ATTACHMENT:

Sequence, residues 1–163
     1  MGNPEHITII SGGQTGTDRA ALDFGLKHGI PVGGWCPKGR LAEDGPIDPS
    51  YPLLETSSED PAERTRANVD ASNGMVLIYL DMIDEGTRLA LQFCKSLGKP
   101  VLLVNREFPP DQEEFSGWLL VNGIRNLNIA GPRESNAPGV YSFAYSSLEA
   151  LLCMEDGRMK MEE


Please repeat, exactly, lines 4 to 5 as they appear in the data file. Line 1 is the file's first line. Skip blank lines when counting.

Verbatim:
   101  VLLVNREFPP DQEEFSGWLL VNGIRNLNIA GPRESNAPGV YSFAYSSLEA
   151  LLCMEDGRMK MEE